3. They don't avoid responsibility for their choices. A great leader is able to stand by their actions. Even if they make a mistake, they acknowledge it and take responsibility.

4. They don’t break their commitments. Great leaders stand by their word. If they say they’ll do something or be somewhere, then they do it, and they show up when they need to be there.

5. They never say never. Great leaders look forward and constantly consider the big picture. They don't limit their thinking by saying, we're never going to try that, that will never work.

Direct download: 5_Things_Great_Leaders_Dont_Do_MP3.mp3
Category:Business -- posted at: 12:11am PDT

I remember when I first got asked to give a talk on my new book The Future Leader.

The book wasn't even done yet but the company that brought me in was really excited to be the first one in the world to hear the research, the ideas, and the concepts that I spent the past 18 months working on.

To say I was nervous was a bit of an understatement.

I never shared this stuff with anyone before!

But, it ended up being one of my favorite presentations I've given and I wanted to share it with you. I hope you enjoy it.



What does it take to lead in the future of work? For my new book, The Future Leader, I interviewed over 140 of the world's top CEOs and surveyed nearly 14,000 employees in partnership with LinkedIn to identify 4 crucial mindsets and 5 essential skills to lead in a post-covid world. "Whether you're a current or future leader, this book is one that you should read and keep near you." Ajay Banga, CEO, Mastercard. Click here to grab a copy for yourself and your teams, you'll be glad you did!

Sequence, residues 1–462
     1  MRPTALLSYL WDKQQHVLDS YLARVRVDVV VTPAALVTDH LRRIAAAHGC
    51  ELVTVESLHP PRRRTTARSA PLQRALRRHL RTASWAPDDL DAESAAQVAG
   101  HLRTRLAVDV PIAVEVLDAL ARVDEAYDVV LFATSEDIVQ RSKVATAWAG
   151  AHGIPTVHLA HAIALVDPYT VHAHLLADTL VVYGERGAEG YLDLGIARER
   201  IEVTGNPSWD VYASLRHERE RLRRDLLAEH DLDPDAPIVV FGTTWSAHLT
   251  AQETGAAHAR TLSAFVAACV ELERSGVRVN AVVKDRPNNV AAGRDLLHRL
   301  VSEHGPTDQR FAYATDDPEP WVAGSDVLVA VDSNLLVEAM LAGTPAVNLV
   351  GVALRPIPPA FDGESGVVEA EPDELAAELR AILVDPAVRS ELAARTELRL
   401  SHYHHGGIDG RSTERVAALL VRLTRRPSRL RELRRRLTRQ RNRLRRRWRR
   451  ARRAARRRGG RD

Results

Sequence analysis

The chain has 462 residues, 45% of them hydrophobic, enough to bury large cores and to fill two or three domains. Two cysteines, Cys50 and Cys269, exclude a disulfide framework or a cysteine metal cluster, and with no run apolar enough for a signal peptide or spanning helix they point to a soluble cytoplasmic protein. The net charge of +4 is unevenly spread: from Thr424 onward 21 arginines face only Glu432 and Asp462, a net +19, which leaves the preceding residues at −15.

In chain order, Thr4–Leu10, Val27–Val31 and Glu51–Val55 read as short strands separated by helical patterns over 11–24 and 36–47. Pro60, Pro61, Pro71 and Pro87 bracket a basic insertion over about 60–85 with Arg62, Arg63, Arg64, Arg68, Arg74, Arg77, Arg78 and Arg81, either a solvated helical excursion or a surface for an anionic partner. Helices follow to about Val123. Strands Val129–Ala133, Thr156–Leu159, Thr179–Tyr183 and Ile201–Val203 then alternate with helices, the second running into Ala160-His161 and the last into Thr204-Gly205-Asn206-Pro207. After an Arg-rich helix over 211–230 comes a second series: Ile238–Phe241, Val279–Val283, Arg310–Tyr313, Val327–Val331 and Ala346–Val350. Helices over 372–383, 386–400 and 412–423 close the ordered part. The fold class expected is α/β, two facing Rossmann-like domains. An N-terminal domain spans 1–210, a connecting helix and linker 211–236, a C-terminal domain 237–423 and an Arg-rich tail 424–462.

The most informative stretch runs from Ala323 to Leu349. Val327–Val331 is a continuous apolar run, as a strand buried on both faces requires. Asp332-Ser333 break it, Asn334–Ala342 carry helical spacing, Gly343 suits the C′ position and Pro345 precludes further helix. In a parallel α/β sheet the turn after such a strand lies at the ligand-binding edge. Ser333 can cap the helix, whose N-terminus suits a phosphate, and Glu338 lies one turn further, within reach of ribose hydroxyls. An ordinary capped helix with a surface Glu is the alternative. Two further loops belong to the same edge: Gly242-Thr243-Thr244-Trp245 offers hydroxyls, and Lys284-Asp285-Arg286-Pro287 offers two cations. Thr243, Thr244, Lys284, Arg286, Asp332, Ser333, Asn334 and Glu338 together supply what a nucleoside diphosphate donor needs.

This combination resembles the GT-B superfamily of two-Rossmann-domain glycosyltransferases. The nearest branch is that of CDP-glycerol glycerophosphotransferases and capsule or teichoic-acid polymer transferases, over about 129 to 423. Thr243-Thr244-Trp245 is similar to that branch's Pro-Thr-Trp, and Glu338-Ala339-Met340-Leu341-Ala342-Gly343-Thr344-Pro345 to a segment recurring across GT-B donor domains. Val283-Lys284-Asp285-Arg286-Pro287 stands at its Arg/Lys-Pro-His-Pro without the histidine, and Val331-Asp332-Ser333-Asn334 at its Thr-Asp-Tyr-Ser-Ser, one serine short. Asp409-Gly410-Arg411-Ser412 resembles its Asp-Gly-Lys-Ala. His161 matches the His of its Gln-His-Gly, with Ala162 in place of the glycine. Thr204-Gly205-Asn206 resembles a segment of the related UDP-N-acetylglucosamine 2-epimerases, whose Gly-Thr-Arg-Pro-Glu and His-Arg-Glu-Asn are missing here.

Get the latest insights on Future of Work, Leadership and employee experience.

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Direct download: Audio_-_Vizient_podcast_-_Ready_-_V2.mp3
Category:Business -- posted at: 12:01am PDT

I have written four books, and The Future Leader was the hardest book to write. The research and logistics that went on for this book were very long and thorough.

People have asked me a couple of things with regards to the book. In this video, I share why I wrote the book, the reason behind using the lighthouse as a book cover and a symbol for leadership, and what leaders of today must do to prepare for the future.

If you have any questions about the book, drop them in the comments below or send me a personal message.

You can order your copy here:

Direct download: The_Future_Leader_QA_with_Jacob_Morgan_PART_1_MP3_1.mp3
Category:Business -- posted at: 12:01am PDT

Most business leaders around the world are not good leaders...

They aren't bad people, but their approaches to leadership are simply put...obsolete.

We can especially see this quite clearly with what has been going on with Black Lives Matter, COVID-19, and the ongoing fight against racism and social injustice.

To give you an analogy, it's a bit like trying to fly a modern-day passenger plane while being trained on an original Wright Brothers plane.

There's a chance you might get the plane in the air, but you won't go far.

Leadership around the world is failing us.

Consider some of these sobering statistics take from my book, The Future Leader:

  • 80% of employees say they can do their jobs without their managers and say their managers are not even necessary (Ultimate Software and Center for Generational Kinetics).
  • Almost half of 2,257 survey respondents said they could do their jobs better than their boss (Randstad).
  • 60% of employees have left or are considering leaving their jobs because they don't like their direct supervisors (Randstad).